The Effects Of Pesticide Use On Watercourses
One of the biggest threats to waterways around the UK is agricultural waste and the use of pesticides and fertilisers, which are increasingly making their way into the natural environment and having a big impact on water quality, wildlife habitats and local biodiversity.
Currently, just 14 per cent of rivers in England meet the standards required for good ecological status, with the poor health of many watercourses now having a significant impact on nature, leading to the decline and even near-extinction of many species.
The use of pesticides in agriculture can lead to contamination of surface water and groundwater sources alike, with the potential to cause harm to the environment if concentrations surpass critical thresholds.
Pesticides are toxic chemicals that have been designed to be deliberately released into the natural environment in order to kill specific pests but, of course, a large percentage of these contaminants reach destinations other than their intended targets.
They can easily pollute the water in the form of runoff from the fields, as well as contaminating the air when sprayed aerially. Other issues include improper disposal and leakage from storage tanks.
When water becomes contaminated by pesticides, fish and other aquatic life can be harmed as a result. Plants can die because of herbicide application, for example, which diminishes oxygen levels in the water and suffocates the fish.
Physiological and behavioural changes in fish have also been seen because of pesticide exposure and other sources of pollution, including the likes of nest abandonment, failure to avoid predators and reduced immunity to disease.
In August last year, a report was released by the RSPB, WildFish, Buglife and The Pesticide Collaboration revealing that rivers around England are now exhibiting signs of increased chemical stress, as well as declining invertebrate diversity, with the number of waterways given a ‘poor’ or ‘bad’ rating more than doubling compared to previous years.
As well as a decline in the diversity of riverflies (aquatic invertebrates that are vital for maintaining a healthy ecosystem), drought conditions are exacerbating the situation, with lower water levels reducing the dilution of chemicals and accelerating the impact that chemical pollution is having on river ecosystems even further.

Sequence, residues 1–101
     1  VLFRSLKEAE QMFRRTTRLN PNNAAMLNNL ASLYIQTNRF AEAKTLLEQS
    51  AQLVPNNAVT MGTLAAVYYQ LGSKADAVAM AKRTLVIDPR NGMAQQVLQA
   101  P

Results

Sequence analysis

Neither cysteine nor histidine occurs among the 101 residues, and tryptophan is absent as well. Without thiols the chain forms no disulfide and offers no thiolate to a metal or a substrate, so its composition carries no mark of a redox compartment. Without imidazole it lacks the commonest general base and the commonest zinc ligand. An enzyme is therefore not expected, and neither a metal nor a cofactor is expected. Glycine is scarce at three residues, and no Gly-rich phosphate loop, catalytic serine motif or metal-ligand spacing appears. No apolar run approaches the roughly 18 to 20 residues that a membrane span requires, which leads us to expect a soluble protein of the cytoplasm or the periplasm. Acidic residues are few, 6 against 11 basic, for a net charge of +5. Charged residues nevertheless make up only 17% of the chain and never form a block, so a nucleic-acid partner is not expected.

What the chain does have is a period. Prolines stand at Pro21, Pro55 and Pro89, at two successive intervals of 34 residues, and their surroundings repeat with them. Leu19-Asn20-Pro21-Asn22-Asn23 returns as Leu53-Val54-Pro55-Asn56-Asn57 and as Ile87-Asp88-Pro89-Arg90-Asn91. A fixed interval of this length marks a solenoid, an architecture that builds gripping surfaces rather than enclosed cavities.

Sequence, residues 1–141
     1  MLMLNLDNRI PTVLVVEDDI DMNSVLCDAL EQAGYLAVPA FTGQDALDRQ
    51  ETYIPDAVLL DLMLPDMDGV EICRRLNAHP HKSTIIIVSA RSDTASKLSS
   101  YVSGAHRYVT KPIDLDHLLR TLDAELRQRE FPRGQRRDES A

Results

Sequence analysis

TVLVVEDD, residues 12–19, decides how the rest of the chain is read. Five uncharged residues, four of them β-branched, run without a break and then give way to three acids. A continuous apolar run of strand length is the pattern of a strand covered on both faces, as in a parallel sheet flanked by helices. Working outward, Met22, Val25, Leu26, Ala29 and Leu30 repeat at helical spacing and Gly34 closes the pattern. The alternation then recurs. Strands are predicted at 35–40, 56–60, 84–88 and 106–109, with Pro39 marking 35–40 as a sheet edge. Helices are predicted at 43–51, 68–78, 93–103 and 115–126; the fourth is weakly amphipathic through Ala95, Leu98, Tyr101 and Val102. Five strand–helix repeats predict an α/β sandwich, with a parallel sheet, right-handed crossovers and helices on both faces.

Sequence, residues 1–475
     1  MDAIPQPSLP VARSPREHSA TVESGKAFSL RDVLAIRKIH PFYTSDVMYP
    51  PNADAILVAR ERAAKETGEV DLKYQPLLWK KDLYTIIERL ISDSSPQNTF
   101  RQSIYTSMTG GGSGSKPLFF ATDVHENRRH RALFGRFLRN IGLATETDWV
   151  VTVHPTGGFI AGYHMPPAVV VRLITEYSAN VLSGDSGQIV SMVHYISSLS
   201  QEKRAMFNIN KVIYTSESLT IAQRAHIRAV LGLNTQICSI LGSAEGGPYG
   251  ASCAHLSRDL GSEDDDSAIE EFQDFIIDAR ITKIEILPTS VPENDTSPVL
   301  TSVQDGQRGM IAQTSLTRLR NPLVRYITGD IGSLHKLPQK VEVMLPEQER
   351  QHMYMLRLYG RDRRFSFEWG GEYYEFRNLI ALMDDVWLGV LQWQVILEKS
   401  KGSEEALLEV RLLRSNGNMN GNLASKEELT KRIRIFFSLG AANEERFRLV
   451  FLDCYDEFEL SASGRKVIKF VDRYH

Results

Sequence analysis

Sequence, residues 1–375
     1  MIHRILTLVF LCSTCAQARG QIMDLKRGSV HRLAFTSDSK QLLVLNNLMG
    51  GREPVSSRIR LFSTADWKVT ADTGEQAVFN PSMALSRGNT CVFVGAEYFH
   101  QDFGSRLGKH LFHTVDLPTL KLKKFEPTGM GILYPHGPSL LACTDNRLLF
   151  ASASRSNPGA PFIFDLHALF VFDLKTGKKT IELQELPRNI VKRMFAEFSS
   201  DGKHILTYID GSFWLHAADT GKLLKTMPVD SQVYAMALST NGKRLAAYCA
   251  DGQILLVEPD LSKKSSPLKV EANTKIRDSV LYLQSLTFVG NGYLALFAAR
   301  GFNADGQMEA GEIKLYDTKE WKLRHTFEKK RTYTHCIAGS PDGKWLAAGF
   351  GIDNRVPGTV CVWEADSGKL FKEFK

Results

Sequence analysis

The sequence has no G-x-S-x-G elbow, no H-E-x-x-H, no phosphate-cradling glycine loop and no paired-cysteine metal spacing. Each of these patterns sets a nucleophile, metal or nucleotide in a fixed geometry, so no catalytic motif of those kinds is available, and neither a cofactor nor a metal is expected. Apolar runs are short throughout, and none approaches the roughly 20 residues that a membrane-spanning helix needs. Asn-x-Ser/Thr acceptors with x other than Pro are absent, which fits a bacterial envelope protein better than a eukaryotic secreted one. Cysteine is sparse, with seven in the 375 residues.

This is particularly concerning given the heatwaves, dry weather conditions and record temperatures that were seen in 2022, something that could well be seen again over the coming months.
In fact, the National Drought Group issued a warning back in February that England is just one hot dry spell away from being badly affected by severe drought conditions once again, with East Anglia, Devon, Cornwall and the Isles of Scilly still in official drought status.
How can pesticide pollution be addressed?
Without appropriate mitigation measures in place, climate change and population growth will put even more pressure on the water environment from chemicals like pesticides.
As well as drought leading to less dilution in rivers and increasing chemical concentrations, more frequent higher intensity rainfall events will see more chemicals washed into waterways from land and the sewage system.
The Environment Agency’s strategic approach to chemical management in waterways aims to protect aquatic life from chemical exposure, as well as protecting surface and groundwaters from chemical contamination in order to not compromise use for drinking supplies, and reducing human and wildlife exposure in the food chain.
It also works to identify chemicals of concern so as to prioritise them for action through sustainable cost-beneficial solutions for both wildlife and people alike.
However, the recent Troubled Waters report from the RSPB made further recommendations for the government in order to address the challenges presented by chemical use. This included making the move to regenerative farming practices and encouraging sustainable, nature-friendly food consumption.
Incentivising farmers and landowners to transition to agro-ecological farming would deliver a more effective cycling of nutrients, driving down reliance on chemical-based pest control and improving benefits to nature. More nature-friendly eating, meanwhile, would help improve water quality around the country and achieve a reduction in carbon emissions.
And, of course, use of technology could prove particularly beneficial where pesticide use is concerned… something that is currently being explored by utility company Southern Water.
Currently, ten arable farmers are currently investigating the use of the Skippy Scout system to see how effective it is to locate weeds and target the application of herbicides.
It forms part of a wider scheme run by the company, which is working with farmers to raise awareness of herbicide loss and improve drinking water quality through the likes of precision farming and cultural measures (such as the use of cover crops and herbal leys to get on top of grass weeds).
Zoe Fothergill, senior catchment management officer at Southern Water, said: “The drone trial is already providing positive feedback from Western Rother farmers and their agronomists, who’ve used Skippy Scout, to support cropping decisions and inform spray operations.
“The mapping has also been useful in comparing different break crops, supporting a more diverse rotation.”
The Skippy Scout project also aims to see if it’s possible to reduce the amount of pre-emergent herbicides being applied through the monitoring of crops and weeds over a period of a couple of years.
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